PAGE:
Page last updated at 13:25 GMT, Friday, 5 September 2008 14:25 UK

New plans for Walthamstow stadium

Dogs are led out on Saturday night
The final race night was held in August

A consortium hoping to revive greyhound racing at Walthamstow dog track has submitted alternative plans for the site which include a multiplex cinema.

Campaigners are fighting to save the east London stadium which was bought in May by developers planning to build up to 500 homes on the site.

The consortium's plans will retain the track, alongside new flats, a bowling alley, sports facilities and a library.

Walthamstow dog track closed last month after 75 years of greyhound racing.

On Friday campaigners backing the plans to keep the dog track took part in a demonstration outside Waltham Forest Town Hall.

'Concrete jungle'

Rick Holloway, who is leading the Save our Stow (SOS) consortium bid, said: "As it's such an iconic stadium and landmark of east London we are hoping the council will realise they cannot afford to lose the 'Stow and more leisure facilities for the people... of Waltham Forest council.

"The developers only want to build houses, but the whole of Waltham Forest doesn't have a cinema."

Mr Holloway said the plans had the backing of local MPs and on Friday they received an email asking them to send details of their campaign to the mayor of London.

He also said plans to build up to 500 new homes by owners, London and Quadrant Housing Trust (L&Q), would turn the area into a "concrete jungle".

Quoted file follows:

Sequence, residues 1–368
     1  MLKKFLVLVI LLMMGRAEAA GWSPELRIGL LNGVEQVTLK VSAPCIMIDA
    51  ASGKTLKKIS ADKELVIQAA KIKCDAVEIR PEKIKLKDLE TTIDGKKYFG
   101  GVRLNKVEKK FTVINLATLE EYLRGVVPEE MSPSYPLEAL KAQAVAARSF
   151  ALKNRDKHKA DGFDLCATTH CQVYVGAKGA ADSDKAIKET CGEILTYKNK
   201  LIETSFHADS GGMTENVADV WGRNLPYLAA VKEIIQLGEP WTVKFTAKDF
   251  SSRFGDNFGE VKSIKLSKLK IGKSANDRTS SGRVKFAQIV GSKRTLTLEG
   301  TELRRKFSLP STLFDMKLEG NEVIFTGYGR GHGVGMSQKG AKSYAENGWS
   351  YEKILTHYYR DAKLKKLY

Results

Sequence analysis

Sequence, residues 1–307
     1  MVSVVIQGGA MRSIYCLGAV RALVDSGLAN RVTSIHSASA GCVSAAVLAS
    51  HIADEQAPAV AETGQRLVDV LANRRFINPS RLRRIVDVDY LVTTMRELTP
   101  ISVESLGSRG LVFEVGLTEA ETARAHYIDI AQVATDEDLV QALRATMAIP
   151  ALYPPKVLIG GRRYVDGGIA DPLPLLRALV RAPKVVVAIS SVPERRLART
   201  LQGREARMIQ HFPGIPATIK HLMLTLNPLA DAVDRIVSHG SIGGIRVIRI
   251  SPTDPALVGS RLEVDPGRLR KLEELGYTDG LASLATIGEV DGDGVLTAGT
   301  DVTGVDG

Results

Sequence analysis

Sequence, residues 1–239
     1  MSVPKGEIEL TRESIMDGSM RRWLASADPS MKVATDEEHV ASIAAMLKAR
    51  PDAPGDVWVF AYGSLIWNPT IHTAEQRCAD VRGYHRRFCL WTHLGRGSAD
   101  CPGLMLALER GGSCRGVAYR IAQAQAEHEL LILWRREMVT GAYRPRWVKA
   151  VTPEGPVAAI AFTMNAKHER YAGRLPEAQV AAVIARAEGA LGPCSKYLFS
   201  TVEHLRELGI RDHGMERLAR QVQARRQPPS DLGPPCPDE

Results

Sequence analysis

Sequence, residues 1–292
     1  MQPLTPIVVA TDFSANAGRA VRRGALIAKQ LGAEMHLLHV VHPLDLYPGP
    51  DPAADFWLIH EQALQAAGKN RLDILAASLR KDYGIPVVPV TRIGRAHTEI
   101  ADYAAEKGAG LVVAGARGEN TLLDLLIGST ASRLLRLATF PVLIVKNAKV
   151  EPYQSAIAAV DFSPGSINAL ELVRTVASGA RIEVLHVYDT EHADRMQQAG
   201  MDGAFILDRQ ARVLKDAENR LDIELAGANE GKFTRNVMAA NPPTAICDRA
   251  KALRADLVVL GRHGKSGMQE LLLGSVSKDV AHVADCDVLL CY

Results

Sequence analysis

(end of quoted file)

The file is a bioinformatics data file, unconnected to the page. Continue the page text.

L&Q said it had agreed to meet the SOS consortium on 17 September "for them to present a more detailed business proposal and to provide evidence that funds are available for any proposed purchase".

Affordable housing

Waltham Forest Council's councillor Terry Wheeler, said: "The council will be working extremely hard to ensure that the listed aspects of the stadium - namely the facade and the kennels - are safeguarded during any future development."

He said the council also wanted to ensure any development was sympathetic to the area and "provides much needed affordable housing".

The stadium was first opened in 1933 by William Chandler, who had started out operating as an illegal street bookmaker.

In addition to its regular fans, it has hosted public figures such as Sir Winston Churchill and actors Lana Turner, Vinnie Jones and Brad Pitt.

The former owners said poor attendances and the advent of high street and internet gambling had made the track "unsustainable".

But the consortium has offered 1m more than the figure paid for the stadium - thought to be between 20m and 30m - to take over the site.

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